This proposed rulemaking is part of the OPA 90 driven regulations. The NPRM suggests a revision of current Vessel Response Plans (VRP) to include contractual pre-arrangements with providers for salvage and firefighting. Of particular concern is the proposed requirement that shipowners have to take the responsibility of assessing whether the service providers are up to the standards required. The USCG has scheduled 3 public meetings. INTERTANKO attended the second Hearing in Philadelphia on 17 July.

The USCG, ship operators, barge operators, salvors, fire fighters and consultants were all represented at the meeting, totaling approximately 45-50 people.

In addition to the 12 statements put forward (ship/barge operators - 4; salvors - 2 and fire fighters - 6), there were a few comments from the audience. Following is a breakdown of the statements and discussions:




- OPA 90 has no provisions to request detailed criteria of the salvage and firefighting capability. The USCG has failed to provide a justification of the provisions in the NPRM and failed in their cost-benefit analysis. The latter was assessed against the casualties before 1997 and did not take into account the current very low number of pollution incidents from tank vessels.

- It is debatable whether the tanker industry should  carry the entire burden of supporting the development of a new salvage industry. (It is our view that the NPRM makes a great mistake by using the New Carissa as an example in their argumentation to justify the NPRM).

- Tankers’ VRPs have demonstrated to be very efficient and they should suffice.

- The discussions demonstrated that the issue of salvage and the issue of firefighting have two different approaches and it seems that this need to be clarified in the NPRM




- There is a need for a greater salvage capability in US, but most of the comments from the ship operators indicated a disagreement with the solutions presented in this NPRM;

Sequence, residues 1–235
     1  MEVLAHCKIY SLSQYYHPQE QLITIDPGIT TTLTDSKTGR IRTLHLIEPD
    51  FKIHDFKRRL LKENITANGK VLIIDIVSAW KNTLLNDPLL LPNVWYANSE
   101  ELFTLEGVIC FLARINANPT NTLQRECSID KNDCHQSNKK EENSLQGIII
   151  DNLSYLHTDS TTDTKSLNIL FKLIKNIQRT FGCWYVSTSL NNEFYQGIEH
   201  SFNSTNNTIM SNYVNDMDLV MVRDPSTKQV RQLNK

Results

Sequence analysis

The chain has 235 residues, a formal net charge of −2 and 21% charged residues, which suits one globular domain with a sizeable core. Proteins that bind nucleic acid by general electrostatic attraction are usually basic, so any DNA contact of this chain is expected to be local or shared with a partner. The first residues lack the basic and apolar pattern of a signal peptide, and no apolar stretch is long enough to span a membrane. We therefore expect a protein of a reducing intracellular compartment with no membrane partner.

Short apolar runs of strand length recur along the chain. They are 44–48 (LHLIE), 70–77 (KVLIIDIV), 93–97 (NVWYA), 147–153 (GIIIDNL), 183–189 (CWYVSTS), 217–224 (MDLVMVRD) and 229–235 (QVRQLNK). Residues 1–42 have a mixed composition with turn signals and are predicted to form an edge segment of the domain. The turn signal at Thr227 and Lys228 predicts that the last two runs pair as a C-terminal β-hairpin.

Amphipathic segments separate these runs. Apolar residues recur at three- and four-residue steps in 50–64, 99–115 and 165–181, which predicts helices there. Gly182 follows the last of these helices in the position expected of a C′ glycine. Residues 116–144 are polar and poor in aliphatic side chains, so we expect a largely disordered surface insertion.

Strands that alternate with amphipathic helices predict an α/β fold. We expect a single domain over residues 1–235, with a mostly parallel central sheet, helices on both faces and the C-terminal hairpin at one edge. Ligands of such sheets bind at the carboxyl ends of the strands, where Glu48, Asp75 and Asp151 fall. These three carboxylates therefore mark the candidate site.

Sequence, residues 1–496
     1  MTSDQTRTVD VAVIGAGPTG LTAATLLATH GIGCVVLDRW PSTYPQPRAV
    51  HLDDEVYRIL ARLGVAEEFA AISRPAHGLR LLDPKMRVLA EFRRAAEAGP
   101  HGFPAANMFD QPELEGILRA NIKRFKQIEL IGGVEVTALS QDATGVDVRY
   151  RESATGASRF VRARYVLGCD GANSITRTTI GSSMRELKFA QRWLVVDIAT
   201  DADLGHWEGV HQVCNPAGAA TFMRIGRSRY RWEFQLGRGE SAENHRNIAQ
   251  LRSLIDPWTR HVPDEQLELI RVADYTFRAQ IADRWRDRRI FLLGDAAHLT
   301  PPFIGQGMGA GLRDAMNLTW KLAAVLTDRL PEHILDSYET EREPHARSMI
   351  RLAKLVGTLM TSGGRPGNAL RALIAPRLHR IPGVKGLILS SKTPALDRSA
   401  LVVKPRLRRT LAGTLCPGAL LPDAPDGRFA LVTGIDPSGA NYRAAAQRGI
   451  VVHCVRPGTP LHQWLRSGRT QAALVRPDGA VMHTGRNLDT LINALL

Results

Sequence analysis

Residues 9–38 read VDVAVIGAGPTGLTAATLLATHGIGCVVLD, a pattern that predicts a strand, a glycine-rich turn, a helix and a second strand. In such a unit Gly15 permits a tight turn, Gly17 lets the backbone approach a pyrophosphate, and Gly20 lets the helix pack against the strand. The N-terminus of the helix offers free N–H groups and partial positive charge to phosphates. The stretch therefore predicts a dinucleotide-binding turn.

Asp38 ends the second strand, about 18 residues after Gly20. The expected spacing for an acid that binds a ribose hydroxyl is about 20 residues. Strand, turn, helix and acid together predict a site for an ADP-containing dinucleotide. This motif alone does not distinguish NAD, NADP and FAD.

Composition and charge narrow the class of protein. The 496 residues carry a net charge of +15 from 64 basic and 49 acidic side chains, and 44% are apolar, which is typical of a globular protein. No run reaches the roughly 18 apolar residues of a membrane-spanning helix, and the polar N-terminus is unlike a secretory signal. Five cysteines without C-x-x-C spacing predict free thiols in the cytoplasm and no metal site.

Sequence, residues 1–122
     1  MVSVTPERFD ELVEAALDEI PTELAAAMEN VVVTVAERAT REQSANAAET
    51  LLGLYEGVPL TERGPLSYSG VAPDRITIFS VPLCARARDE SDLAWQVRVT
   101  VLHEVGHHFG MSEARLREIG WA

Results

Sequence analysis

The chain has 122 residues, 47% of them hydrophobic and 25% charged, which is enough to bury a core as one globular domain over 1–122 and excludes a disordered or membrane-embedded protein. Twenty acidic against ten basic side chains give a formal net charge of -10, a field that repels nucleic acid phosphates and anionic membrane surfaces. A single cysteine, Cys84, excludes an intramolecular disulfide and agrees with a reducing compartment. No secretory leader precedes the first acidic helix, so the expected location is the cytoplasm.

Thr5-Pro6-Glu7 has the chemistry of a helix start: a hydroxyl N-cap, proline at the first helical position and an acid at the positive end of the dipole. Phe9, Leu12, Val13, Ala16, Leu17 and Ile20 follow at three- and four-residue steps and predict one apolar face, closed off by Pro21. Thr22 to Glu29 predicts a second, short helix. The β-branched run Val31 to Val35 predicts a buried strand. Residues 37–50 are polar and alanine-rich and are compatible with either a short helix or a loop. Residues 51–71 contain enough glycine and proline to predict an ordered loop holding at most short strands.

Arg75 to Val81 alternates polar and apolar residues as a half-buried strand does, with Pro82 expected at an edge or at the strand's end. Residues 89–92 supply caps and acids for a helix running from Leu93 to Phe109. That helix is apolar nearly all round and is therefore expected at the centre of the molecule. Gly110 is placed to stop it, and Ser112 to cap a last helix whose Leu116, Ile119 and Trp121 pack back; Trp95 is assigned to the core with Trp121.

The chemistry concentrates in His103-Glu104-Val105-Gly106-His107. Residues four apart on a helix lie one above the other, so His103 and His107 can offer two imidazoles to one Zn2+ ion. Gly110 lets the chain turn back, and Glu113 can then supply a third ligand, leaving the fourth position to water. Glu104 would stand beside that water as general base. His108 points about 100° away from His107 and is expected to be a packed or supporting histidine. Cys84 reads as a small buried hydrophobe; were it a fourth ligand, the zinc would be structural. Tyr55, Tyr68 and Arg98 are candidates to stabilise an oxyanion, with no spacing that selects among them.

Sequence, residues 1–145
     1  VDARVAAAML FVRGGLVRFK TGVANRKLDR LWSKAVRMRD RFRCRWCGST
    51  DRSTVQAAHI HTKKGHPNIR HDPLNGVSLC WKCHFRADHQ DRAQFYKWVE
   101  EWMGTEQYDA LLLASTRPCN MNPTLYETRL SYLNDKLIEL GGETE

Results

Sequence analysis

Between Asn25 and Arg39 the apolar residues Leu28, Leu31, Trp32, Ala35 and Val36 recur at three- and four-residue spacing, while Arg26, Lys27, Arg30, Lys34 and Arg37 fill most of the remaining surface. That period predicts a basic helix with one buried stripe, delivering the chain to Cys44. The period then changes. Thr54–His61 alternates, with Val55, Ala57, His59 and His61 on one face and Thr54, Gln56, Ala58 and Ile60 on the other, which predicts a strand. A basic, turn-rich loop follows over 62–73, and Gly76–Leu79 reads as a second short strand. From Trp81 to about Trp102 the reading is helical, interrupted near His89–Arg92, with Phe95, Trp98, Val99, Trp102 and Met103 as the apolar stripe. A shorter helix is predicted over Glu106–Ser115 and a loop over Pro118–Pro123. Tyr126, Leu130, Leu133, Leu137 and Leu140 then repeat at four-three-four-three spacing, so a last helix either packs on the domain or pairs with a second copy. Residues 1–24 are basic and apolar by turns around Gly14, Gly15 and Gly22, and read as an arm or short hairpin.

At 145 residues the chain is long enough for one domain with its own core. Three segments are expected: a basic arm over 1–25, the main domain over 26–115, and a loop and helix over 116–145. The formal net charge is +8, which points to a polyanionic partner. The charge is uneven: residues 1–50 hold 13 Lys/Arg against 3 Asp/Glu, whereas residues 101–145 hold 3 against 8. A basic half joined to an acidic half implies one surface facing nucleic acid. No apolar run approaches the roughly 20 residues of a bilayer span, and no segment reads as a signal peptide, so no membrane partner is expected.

- The American Salvage Association (ASA) has 11 members and there might be a few others capable of providing professional salvage assistance. Their problem is the low number of salvage operations and the lack of resources. The real question is therefore who could provide finance for the salvors.

- The President of ASA made a direct appeal to the USCG - do not leave the salvage industry out of the OPA 90 requirements. He invited American Waterways Operators, the Chamber of Shipping of America and INTERTANKO to a dialogue to find solutions.

- Reference was also made to the danger of other States following California, in developing their own regulation, should the USCG fail to do so.




- There was a general consensus on the need for more resources and expert assistance to the local fire fighting capability, in order for them to deal with fire onboard ships. Everyone also agreed that a fire onboard requires an immediate and well-planned intervention. 

- Although the NPRM suggests that the service providers should primarily be private businesses, the fire fighters on Delaware River do not seem willing to give up their jurisdiction and thus, they are determined to retain the command in case of fire on ships

- They agree with the NPRM that there is a need for a local/US coordinator representing the ship owner. They did, however, fail to mention whether they agree with the NPRM's provision that the standards they provide have to be assessed by ship owners/vessel response plan holders.

- The fire fighters seemed to regard fire onboard ships carrying hazardous materials as more dangerous to the local communities than fire at onshore installations, which process the same hazardous materials.


The meeting concluded that there is an agreement on the need for good planning, but there seemed to be a serious difference of opinion on provisions that would make such a planning an efficient tool without being driven by commercial interests. For more information, please contact Dragos Rauta, e-mail: